Then lots of things all started happening at once, a girl fainted, a speaker tried to collapse on the crowd who swarmed left and right without any sense of direction whatsoever and some chap took it upon himself to start climbing the ceiling supports. All the way through Turner commanded the stage, strutting around with a confidence that repudiates his youthful appearance.

Straight into indie pub/club/bar/Supermarket anthem ‘I bet you look good on the dancefloor’ and it didn’t look like this set was ever going to lose steam. It wouldn’t really matter what they played. Those at the back of the crowd danced, those in the middle of the crowd moshed and danced and those at the front would have quite happily done either if they weren’t being squashed by the dancers and moshers behind them.

‘The view from the afternoon’ kept up the party vibe, with its rolling drums and brilliant distorted chord progression. One of the main appeals of The Arctic Monkeys is their ability to create a fantastic pop song, with brilliant lyrics and simplistic tunes. The rest of the set included ‘You probably couldn’t see me for the lights but you were staring straight at me’, ‘dancing shoes’, ‘perhaps vampires is a bit strong’ and fan favourite ‘fake tales of San Francisco’. The absence of the superb ‘mardy bum’ was a surprise.

Turner took the opportunity to change the lyrics of ‘perhaps vampires is a bit strong’ to ‘all you people are sheep’; a possible reference to the army of fans apparently jumping on the Arctic Monkeys bandwagon at the moment.

Most of the crowd must have been wondering why The Arctic Monkeys weren’t headlining. The job of following them was given to Maximo Park. I was reminded of Manchester’s MOVE Festival in 2004 where Stereophonics were headlining above The Pixies. The bar soon became the place to be. The atmosphere was that of a party that had once been great, but all the important people had left and you were now stuck talking to some boring bloke about which is the best Star Wars film.

It’s not that Maximo Park were bad, it was just that following the Arctic Monkeys is like trying to follow Michael Schumacher around Monte Carlo in a Robin Reliant. It’s not going to turn out well no matter how hard you try. The crowd were largely unresponsive, which was a shame because Maximo Park were thoroughly entertaining. Their keyboard player would occasionally drift off on mad spasm attacks, and prance across the stage in a sort of epileptic drumming fit before forgetting where he left his instrument. Lead singer Paul Smith is as flamboyant and energetic as you want from a front man and seemed far more appreciative of the response than any of the other bands on tonight’s bill.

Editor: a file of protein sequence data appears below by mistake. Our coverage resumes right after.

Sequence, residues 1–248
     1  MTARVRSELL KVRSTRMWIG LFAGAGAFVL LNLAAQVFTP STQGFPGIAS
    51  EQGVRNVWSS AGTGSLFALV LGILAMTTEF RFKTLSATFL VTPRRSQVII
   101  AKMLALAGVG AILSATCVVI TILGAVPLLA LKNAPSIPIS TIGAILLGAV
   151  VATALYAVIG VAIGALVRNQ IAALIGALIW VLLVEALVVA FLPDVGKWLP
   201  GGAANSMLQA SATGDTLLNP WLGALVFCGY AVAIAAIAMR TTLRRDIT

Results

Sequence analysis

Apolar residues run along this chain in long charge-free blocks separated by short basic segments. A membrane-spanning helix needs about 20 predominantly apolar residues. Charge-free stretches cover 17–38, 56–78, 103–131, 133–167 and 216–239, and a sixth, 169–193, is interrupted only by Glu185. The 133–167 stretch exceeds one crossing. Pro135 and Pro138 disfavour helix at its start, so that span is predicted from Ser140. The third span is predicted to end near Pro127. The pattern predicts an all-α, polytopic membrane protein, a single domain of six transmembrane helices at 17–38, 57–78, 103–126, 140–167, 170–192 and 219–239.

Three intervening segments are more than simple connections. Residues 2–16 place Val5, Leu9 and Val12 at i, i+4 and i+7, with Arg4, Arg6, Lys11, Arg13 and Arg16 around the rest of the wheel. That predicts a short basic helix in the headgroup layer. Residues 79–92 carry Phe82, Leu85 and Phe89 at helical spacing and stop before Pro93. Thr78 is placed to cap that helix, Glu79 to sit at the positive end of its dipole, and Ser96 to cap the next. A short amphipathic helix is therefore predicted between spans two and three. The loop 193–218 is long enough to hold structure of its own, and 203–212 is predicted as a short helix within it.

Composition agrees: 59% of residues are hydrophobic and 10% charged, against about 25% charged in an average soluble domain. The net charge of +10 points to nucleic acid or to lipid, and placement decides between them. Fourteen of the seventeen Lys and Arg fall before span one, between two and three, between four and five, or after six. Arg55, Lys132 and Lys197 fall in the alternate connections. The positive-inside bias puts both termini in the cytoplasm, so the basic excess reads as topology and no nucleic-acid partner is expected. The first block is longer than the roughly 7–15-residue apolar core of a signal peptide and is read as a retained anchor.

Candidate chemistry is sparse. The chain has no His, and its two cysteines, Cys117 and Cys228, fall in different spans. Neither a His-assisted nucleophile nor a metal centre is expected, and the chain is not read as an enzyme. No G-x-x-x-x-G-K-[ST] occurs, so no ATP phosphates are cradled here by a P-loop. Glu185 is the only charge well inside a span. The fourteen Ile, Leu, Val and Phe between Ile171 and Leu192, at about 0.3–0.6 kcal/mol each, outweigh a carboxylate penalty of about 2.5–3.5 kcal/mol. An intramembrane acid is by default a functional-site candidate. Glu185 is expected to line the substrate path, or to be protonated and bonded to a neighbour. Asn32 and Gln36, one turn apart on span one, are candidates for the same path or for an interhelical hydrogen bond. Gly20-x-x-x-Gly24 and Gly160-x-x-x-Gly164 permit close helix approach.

Kicking off with ‘Grafitti’ it looked like Maximo Park might open with their singles as well, but they decided to opt for the more conventional method of staggering their most popular songs. Not much was left off their debut album ‘A certain trigger’. The new single ‘I want you to stay’ was as limp and uninspiring live as it is on record. The highlight was ‘Apply some pressure’ which was the only song that really got the crowd going. I even saw a small portion of the crowd leave after that song. ‘Signal and sign’ and ‘Gone missing’ were the other two songs that really stood out, with the latter closing the show.

Despite Maximo Park’s friendly and charming nature the night belonged to The Arctic Monkeys and the stir they created. However, We are Scientists were equally impressive and will definitely be a band to look out for in 2006.

article by: Scott Johnson

published: 31/01/2006 12:05


sorry, we currently have no gigs listed for this act.